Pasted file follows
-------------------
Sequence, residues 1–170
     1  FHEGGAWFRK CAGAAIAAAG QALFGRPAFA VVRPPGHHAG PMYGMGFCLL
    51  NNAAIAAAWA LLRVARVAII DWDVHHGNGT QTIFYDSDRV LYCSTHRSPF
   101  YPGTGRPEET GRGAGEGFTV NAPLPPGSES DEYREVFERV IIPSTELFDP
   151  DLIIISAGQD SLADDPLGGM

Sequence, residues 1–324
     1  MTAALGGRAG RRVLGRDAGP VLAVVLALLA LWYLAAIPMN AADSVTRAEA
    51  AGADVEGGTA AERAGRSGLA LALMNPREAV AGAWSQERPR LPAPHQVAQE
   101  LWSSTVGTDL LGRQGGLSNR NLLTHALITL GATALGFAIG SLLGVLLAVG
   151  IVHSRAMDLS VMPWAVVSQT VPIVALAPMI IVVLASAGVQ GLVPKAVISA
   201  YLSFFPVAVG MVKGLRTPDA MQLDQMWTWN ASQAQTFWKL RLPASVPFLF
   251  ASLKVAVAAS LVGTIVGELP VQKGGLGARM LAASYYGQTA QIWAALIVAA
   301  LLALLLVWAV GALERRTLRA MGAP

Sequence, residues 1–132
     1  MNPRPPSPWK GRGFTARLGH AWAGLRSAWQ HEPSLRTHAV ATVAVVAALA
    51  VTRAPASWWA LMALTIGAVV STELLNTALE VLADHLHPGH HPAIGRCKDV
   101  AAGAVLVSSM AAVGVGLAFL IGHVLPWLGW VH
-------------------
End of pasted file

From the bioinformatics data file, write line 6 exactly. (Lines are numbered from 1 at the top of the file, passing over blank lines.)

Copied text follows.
Sequence, residues 1–324